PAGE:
Move On
This, of couse, is blatantly romantic. The interesting thing about this one is in the middle section, I was playing through some old tapes of mine on a Revox and I accidently played one backwards and thought it was beautiful. Without listening to what it was originally, we recorded the whole thing note for note backwards, and then I added vocal harmonies with Tony Visconti. If you play it backwards you'll find that it's All The Young Dudes.

I did this in New York, which is a very enjoyable city at the moment. It's very exciting there and is probaly having its heyday as far as the arts are concerned. The whole arts thing in New York is extraordinary, much more exciting than London, which is a bit patchy.

"I'm so pleased that the conclusion of these three albums has been so up. You never know until you come out of the studio exactly what you've done, and it would have been terribly depressing if the third one had been down. At least this one has a kind of optimism."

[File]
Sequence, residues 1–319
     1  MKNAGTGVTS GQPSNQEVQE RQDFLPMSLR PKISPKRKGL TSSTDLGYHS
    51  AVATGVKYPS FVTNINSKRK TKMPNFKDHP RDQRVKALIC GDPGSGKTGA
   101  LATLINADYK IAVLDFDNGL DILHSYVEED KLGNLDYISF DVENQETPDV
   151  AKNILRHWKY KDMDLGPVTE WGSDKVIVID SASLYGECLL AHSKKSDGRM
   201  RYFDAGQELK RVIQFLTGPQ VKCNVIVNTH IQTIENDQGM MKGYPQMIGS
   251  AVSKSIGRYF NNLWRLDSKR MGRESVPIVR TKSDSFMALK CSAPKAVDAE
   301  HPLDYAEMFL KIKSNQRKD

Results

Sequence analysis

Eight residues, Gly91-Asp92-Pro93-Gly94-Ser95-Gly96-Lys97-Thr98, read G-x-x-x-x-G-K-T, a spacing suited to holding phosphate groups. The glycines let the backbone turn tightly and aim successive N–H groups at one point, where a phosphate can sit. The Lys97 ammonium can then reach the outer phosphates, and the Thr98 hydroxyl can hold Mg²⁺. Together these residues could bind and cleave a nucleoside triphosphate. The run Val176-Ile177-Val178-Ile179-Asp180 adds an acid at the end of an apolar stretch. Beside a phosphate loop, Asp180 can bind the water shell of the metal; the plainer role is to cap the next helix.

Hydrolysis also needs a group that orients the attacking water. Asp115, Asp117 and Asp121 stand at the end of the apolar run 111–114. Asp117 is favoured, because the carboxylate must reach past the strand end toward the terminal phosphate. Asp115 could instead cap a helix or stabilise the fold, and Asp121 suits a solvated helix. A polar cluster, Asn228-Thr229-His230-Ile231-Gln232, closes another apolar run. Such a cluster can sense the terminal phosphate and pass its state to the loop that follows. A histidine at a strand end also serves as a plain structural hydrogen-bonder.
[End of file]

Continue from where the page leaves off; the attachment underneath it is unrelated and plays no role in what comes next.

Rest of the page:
Yassassin
"That's Simon House on violin. He was with Hawkwind. He understood the notation immediately, even though he had no experience with Turkish music before.

"This song is about the kind of characters you find in coffee bars in Turkey. An interesting thing about this track was putting two ethnic sounds together. We used the Turkish things and put it against a Jamaican back beat. They're both parallel."

Red Sails
"Here we took a German new music feel and put against it the idea of a contemporary English mercenary cum swash buckling Errol Flynn, and put him in the China Sea. We have a lovely cross reference of cultures. I honestly don't know what it's about."

DJ
"This is somewhat cynical but it's my natural response to disco. The DJ is the one who is having ulcers now, not the executives, because if you do the unthinkable thing of putting a record on in a disco not in time ... That's it. If you have thirty seconds silence, your whole career is over.

"The most absurd thing about this is that I was with John Cale in New York and I played his viola on stage at Carnegie Hall. He called me and asked me to play at a benefit for a radio station in New York. I had never played viola in my life before but I learned four notes on it and it sounded great. I may learn another four and play it on my next album."